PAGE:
What has been done with Measure B funds? (2022 update)

Measure B is a half-cent local sales tax measure approved by voters with the commitment to maintain service levels, invest in high-priority service areas, and build and maintain the City’s economic stabilization reserve fund. Measure B sales tax revenue has helped stabilize General Fund services, protect Roseville’s quality of life, and increase reserves to weather future economic downturns.

On April 20, 2022 at its most recent annual report to City Council, the Local Sales Tax Oversight Committee made up of Roseville citizens reported the following expenditures of the Measure B sales and use tax revenues, which maintained essential services, restored services that had been reduced prior to Measure B, and added services:

Maintained essential services

Measure B in action
  • Specialized police and fire services
  • Fire engine company
  • One additional dispatcher
  • Job-creation and business-recruitment initiatives
  • Maintenance at citywide parks
    • Crabb Park
    • Central Park
    • Pistachio Park
  • Street paving
  • Street maintenance levels
  • Recreation and library programs
  • Unsheltered camp cleanup
  • Cost of doing business increases
  • Library, parks and events stabilization

Restored services that had been reduced prior to Measure B

  • Library hours
  • 4th of July fireworks
  • Fire training and investigations
  • Goat grazing for thatch management in open space
  • Park maintenance standards
  • Industry training and development

Services Added

  • Establish new police beat in West Roseville
  • One additional police traffic officer
  • Maintenance for three citywide parks, allowing for construction to occur
  • Fiscal health investments
  • Build an economic stabilization reserve fund
  • Pay down CalPERS pension obligation to preserve financial capacity for future needs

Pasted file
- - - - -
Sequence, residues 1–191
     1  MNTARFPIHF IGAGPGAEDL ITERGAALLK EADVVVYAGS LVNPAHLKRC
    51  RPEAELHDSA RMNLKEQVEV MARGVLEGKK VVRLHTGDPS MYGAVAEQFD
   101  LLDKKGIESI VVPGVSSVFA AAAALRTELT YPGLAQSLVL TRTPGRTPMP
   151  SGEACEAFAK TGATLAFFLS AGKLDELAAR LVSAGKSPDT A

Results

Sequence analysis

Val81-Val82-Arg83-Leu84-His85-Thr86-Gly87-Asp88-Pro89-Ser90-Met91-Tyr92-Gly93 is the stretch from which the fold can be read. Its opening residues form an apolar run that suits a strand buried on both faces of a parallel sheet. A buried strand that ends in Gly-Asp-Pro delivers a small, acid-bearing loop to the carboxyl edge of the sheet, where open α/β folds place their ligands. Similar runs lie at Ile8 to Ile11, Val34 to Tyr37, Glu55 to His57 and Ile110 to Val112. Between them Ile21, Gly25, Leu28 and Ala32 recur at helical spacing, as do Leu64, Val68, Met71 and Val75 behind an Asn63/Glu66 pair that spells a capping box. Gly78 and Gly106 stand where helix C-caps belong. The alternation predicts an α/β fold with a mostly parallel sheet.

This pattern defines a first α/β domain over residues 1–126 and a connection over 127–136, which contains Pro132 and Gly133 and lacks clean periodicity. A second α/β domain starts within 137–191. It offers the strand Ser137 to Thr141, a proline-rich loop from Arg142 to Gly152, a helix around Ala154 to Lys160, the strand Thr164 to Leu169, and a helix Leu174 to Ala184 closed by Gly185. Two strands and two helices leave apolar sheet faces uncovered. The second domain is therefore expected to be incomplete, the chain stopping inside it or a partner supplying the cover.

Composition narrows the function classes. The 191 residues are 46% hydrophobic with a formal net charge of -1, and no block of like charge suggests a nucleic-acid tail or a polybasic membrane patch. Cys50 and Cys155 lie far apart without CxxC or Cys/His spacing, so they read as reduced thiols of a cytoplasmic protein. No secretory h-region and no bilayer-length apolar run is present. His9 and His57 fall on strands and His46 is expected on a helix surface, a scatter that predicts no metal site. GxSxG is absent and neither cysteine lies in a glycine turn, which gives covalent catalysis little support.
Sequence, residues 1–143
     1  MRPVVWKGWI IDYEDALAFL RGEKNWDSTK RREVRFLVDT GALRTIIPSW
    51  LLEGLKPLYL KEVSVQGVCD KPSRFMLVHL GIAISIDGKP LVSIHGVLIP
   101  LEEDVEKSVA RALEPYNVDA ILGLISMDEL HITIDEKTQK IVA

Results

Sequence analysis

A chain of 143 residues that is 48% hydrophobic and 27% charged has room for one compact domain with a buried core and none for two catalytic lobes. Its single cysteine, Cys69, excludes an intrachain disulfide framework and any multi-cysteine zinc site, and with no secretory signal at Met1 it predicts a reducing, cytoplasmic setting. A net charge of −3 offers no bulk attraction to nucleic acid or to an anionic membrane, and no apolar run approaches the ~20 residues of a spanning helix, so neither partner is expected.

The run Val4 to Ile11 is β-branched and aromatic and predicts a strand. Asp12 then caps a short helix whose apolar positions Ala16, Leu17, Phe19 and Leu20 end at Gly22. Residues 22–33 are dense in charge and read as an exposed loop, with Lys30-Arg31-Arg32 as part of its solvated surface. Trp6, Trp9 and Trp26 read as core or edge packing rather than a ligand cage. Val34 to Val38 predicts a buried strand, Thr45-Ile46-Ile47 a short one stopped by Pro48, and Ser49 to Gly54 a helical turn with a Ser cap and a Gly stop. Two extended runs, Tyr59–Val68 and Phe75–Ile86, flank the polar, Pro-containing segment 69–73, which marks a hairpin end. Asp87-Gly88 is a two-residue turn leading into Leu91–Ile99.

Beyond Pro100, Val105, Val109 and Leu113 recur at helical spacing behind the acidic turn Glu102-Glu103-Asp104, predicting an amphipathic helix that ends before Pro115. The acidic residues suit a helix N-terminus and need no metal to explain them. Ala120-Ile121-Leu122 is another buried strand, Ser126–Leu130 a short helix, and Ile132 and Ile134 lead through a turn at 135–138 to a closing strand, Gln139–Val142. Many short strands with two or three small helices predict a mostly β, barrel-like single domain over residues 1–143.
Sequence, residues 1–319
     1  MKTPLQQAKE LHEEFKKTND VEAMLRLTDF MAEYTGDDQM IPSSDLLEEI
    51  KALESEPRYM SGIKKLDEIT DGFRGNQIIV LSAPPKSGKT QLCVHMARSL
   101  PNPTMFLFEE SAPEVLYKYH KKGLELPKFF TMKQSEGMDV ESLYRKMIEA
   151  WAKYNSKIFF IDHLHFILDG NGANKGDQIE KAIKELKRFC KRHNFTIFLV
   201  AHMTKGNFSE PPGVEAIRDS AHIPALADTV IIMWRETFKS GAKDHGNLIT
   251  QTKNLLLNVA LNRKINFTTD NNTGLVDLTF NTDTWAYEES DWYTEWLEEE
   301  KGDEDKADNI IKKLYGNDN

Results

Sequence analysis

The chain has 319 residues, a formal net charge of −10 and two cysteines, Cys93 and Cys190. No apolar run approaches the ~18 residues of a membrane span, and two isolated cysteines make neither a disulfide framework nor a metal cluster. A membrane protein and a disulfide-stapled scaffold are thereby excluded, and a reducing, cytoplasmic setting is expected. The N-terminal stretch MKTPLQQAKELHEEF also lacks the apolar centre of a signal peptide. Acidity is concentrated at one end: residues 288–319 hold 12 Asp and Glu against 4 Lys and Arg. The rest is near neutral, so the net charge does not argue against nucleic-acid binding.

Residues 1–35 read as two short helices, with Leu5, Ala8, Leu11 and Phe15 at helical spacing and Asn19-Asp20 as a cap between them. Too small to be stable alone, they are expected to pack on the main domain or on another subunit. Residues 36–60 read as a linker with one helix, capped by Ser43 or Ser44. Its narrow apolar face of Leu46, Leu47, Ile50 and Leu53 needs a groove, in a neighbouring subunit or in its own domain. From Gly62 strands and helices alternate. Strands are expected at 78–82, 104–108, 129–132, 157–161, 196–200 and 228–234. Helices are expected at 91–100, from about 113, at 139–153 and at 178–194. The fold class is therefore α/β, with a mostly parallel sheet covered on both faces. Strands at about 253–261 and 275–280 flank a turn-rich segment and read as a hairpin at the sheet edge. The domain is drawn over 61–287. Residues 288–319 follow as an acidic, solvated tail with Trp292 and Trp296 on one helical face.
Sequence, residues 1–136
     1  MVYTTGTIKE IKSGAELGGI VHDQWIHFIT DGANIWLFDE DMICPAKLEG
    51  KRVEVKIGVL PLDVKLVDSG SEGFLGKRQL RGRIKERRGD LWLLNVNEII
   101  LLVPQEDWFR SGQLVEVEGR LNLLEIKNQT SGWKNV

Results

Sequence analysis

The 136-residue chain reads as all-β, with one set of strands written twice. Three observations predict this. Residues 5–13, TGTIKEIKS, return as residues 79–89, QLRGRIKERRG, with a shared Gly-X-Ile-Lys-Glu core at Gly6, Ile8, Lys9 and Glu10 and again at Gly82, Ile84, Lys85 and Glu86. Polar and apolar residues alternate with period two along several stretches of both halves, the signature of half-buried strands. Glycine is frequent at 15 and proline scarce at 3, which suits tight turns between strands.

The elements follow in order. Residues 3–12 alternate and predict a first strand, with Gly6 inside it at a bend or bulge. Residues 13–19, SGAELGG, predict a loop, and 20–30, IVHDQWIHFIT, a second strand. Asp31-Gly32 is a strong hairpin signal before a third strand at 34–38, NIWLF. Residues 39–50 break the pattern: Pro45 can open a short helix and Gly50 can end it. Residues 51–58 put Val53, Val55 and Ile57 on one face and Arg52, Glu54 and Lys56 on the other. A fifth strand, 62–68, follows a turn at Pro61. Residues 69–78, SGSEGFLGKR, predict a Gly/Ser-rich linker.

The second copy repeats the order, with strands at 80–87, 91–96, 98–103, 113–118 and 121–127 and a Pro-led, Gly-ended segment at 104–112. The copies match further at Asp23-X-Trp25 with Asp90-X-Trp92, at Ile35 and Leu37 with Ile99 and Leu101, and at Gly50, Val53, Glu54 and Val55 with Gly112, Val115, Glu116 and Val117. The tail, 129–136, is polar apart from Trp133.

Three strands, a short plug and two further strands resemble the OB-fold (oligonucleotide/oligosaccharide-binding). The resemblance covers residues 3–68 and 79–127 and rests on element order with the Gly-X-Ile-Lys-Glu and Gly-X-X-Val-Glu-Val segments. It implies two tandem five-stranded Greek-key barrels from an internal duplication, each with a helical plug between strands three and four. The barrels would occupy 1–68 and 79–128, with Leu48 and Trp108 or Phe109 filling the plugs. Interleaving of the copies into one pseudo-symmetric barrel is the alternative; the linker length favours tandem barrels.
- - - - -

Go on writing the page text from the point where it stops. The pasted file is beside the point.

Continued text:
• Pay down retiree health liability to preserve financial capacity for future needs

What has been done with Measure B funds? (2020 update)

Measure B, a half-cent local sales tax increase to protect Roseville’s essential services on the November 6, 2018 ballot, passed.  The vote totals can be found here on the Placer County Elections Office webpage.

With the passage of Measure B, beginning in April 2019, the sales tax rate in Roseville will be 7.75%, still one of the lowest sales tax rates in the region.  The City will begin to receive the additional revenue from Measure B in July 2019.  The estimated annual revenue of $16 million to $19 million generated by Measure B will be factored into the City’s Fiscal Year 2019-20 budget.

To promote transparency and accountability for the allocation of new sales tax revenue generated by Measure B, the Roseville City Council enacted the provision in the voter-approved measure that calls for Local Sales Tax Oversight Committee.

Our community told us—over the course of a year and dozens of meetings and surveys—what city services are most important, and we are listening.

At its Fiscal Year 2019-20 Budget Workshop on March 13, 2019 the Roseville City Council discussed the possible uses for the additional sales tax revenue the city will receive from Measure B.  You can watch the workshop here.

As part of the EngageRoseville effort in 2017 and 2018, the city asked residents for their priorities in city services to guide the city in developing future budgets. Those responses are included in a report given to the City Council in April 2018.

Based on those responses, these are the uses for the revenue the City Council approved in the Fiscal Year 2019-20 budget, which began July 1.


General types of use

  • Maintain specialized Police & Fire services
  • Keep a fire engine in service at risk of being cut
  • Maintain Parks, Recreation & Libraries programs and facility hours, without additional closures
  • Begin construction of citywide parks
  • Maintain street maintenance
  • Maintain flood plain management
  • Keep adult literacy programs in place
  • Maintain current park maintenance levels
  • Continue special event support

Specific ongoing uses

  • Establish police Beat 7 on west side with 4 police officers
  • Phase in maintenance costs for new citywide parks
  • Restore 1 police officer to traffic unit
  • Phase in more library hours and materials
  • Maintain industry training and development programs
  • Stop erosion of park maintenance levels
  • Bring back goats paid by General Fund to open space
  • Partially restore road funding
  • Expand job creation initiatives
  • Business recruitment and communications
  • Fully fund costs of repair/replacement for buildings and equipment
  • Restore fire training and investigation

Specific one-time expenditures to stabilize continuity of services in the future

  • Build an economic stabilization reserve fund to help us weather next economic cycle, minimizing drastic cuts
  • Pay down pension obligations to create budget capacity in the future

Answers to your questions about Measure B (2018)